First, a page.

Salary exchange, which can produce tax and National Insurance (NI) savings when employees give up entitlement to a proportion of salary in exchange for receiving certain benefits from their employer, can be a very attractive proposition for many companies.
It can work particularly well for major employee benefits that were specifically exempted from adverse tax changes implemented in April 2017, namely pension contributions (including additional death-in-service cover under a flex scheme), employer-funded regulated individual pension advice, Childcare Voucher schemes and Cycle to Work schemes.
Indeed, salary exchange for these benefits has gained a whole new momentum since the changes because the exemptions have dispelled long-standing fears that the Chancellor was about to clamp down on usage of the approach in conjunction with them.
The ability to save 13.8% in NI on employees’ pension contributions has also come into even sharper focus since total minimum auto-enrolment contribution levels increased to 8% in April 2019 – of which employers must pay at least 3%.
Nevertheless, there are still some potential downsides of salary exchange that employers must consider before taking the plunge and, from what we have learned from auditing new clients, it is clear that many have failed to do so.
It is easy to forget that those who exchange some of their salary in return for employee benefits are effectively lowering their income, and this can have particular repercussions for low earners.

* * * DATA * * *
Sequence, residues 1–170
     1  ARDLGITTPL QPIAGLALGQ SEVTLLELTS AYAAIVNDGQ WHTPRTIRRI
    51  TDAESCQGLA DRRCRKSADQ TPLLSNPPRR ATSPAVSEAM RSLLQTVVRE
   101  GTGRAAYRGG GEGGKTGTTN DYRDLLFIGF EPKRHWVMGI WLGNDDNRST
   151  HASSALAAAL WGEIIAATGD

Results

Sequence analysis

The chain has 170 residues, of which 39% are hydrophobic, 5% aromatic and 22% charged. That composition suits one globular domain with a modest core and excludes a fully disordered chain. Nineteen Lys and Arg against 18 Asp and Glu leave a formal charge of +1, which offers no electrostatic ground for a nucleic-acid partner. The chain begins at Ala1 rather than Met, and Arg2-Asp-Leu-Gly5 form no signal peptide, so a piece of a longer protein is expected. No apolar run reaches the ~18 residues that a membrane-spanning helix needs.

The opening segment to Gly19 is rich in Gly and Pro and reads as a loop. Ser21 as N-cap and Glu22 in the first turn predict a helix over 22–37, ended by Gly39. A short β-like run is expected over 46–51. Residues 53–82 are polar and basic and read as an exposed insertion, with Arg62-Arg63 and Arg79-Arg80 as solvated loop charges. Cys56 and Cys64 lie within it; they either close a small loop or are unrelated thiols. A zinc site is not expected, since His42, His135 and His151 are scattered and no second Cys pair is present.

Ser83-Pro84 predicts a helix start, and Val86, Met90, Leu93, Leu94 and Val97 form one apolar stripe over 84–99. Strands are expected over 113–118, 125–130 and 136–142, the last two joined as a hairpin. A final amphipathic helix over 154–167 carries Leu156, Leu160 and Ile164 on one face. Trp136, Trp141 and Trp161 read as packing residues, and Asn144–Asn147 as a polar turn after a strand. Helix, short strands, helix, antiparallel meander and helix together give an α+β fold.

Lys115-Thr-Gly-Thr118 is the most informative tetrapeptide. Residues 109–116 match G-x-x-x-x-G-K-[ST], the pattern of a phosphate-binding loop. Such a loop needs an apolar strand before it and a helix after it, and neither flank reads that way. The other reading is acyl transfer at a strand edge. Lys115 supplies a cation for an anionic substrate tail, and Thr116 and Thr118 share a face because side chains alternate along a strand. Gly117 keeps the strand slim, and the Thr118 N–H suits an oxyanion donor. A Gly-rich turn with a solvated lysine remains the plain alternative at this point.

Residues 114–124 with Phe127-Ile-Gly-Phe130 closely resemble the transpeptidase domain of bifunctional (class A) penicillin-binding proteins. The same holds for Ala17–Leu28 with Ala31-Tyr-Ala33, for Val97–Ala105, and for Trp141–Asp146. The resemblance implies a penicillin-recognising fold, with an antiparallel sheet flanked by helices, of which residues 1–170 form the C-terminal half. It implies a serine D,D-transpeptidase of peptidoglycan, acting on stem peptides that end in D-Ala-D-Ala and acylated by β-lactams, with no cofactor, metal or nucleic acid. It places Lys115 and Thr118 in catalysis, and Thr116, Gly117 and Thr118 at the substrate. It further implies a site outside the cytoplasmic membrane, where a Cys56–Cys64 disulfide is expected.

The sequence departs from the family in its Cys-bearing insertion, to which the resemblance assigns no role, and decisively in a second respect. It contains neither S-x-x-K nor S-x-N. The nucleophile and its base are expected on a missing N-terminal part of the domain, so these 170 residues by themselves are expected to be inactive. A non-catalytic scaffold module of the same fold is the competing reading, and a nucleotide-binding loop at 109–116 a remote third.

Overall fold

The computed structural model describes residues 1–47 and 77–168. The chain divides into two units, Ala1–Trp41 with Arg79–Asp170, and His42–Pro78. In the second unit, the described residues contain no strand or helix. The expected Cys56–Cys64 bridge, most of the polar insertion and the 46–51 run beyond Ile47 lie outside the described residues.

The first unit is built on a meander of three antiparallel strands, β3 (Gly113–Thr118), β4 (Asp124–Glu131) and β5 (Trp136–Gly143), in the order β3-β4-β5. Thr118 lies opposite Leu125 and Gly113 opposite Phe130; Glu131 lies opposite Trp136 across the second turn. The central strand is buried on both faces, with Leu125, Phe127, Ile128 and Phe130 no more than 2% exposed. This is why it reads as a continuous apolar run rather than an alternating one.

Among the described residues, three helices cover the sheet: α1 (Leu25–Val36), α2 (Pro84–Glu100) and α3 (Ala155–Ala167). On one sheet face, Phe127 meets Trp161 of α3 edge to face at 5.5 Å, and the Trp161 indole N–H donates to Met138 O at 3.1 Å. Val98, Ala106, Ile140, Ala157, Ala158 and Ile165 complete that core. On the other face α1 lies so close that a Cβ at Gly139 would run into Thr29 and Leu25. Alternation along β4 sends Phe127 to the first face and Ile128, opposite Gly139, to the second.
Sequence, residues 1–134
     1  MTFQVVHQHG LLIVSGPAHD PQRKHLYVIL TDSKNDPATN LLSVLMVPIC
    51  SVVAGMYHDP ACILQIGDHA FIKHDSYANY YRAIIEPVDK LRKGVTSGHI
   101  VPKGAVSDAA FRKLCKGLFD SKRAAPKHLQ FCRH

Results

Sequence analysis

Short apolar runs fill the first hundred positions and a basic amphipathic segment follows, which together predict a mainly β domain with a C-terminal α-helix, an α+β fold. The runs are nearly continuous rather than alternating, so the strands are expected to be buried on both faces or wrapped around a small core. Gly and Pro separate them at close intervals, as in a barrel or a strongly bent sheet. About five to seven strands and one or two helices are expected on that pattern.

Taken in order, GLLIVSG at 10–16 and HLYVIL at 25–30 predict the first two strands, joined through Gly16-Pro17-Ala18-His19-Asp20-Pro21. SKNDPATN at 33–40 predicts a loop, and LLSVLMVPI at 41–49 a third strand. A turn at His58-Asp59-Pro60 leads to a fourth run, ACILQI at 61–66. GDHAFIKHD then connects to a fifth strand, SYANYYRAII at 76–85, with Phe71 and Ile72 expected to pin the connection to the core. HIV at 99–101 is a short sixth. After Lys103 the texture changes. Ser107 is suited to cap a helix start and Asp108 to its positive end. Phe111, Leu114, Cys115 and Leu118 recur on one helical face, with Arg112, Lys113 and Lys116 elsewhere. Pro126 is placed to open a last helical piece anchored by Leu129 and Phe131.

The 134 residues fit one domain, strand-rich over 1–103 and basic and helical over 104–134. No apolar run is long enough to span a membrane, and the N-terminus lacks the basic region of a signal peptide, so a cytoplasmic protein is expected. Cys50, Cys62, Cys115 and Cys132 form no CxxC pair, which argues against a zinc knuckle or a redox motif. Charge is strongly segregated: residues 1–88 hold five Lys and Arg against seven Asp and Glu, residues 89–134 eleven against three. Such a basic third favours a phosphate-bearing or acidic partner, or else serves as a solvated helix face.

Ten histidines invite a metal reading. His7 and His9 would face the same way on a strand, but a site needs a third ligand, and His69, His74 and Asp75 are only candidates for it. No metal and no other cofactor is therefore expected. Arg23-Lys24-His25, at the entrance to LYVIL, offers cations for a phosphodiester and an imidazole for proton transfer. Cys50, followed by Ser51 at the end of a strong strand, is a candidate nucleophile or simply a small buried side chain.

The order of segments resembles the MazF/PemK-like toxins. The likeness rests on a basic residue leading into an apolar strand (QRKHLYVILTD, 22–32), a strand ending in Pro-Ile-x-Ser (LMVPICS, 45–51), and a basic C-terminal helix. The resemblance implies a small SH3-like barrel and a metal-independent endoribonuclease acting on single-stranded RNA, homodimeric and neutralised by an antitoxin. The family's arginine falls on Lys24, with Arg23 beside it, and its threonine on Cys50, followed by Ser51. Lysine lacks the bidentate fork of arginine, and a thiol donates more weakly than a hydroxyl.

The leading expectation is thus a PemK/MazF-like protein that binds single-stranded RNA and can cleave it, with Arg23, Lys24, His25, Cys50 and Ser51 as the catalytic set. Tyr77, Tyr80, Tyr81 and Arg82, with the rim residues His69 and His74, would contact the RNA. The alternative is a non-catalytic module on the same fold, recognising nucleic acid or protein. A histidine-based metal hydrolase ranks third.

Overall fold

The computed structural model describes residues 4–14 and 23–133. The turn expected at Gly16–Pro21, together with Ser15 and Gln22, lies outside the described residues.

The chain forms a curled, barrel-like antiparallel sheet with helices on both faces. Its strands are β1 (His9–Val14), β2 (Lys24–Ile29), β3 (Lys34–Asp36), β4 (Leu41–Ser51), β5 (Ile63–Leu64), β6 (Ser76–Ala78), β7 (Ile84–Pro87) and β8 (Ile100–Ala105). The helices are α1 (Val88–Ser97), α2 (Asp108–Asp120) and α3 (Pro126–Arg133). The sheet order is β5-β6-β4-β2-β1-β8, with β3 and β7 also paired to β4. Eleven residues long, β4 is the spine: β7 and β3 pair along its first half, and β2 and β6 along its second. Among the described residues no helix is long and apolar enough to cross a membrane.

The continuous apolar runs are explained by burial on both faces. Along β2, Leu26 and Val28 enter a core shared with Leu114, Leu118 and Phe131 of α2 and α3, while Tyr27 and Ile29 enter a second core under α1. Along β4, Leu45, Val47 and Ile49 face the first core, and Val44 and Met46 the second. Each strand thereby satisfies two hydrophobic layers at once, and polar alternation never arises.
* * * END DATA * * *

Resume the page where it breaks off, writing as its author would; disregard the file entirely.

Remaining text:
It is especially important to ensure that the element of salary being exchanged does not take any employees below the legal minimum wage, and this is an issue that has become even more prominent since the announcement of imminent increases.
With effect from April 1st this year the National Living Wage, which applies to those aged over 25, is increasing from £8.21 to £8.72 per hour. Younger workers who receive the National Minimum Wage will also enjoy increases of between 4.6% and 6.5%, depending on their age.
Anyone whose salary is reduced below the legal minimum must not be allowed to use salary exchange, otherwise their employer will face fines from HMRC and will have to recompense employees. For this reason, Chase de Vere normally includes a pay protection limit in our salary exchange document, advising employers of the level they can’t go below.
Employers should also be alert to the fact that salary exchange can prove costly during paid maternity leave. This is because it is illegal for them to make deductions from Statutory Maternity Pay yet they are required to continue to make full pre-maternity rate employer pension contributions.
Furthermore, salary reductions can result in lower life cover and mortgage borrowing levels – because they tend to be worked out as multiples of salary.
A further really common problem that we are coming across is that salary exchange arrangements are failing to have the correct documentation in place. Unless a proper agreement has been signed by both employer and employee the scheme is not valid.
We find that this can be a particular issue with pensions, where providers tend not to be as good as Childcare Voucher or Cycle to Work scheme providers at issuing proper agreements.
The considerable advantages of salary exchange can of course outweigh these potential pitfalls, although they won’t necessarily do so in every case. So, there is a lot to be said for taking professional advice from an expert intermediary on the subject.
As well as discussing the pros and cons of salary exchange with you, Chase de Vere can advise on which employee benefits the approach might be most suitable for in your particular organisation, depending on your budget and objectives and the make-up of your workforce.
The Financial Conduct Authority does not regulate Tax Advice
Content correct at time of writing and is intended for general information only and should not be construed as advice.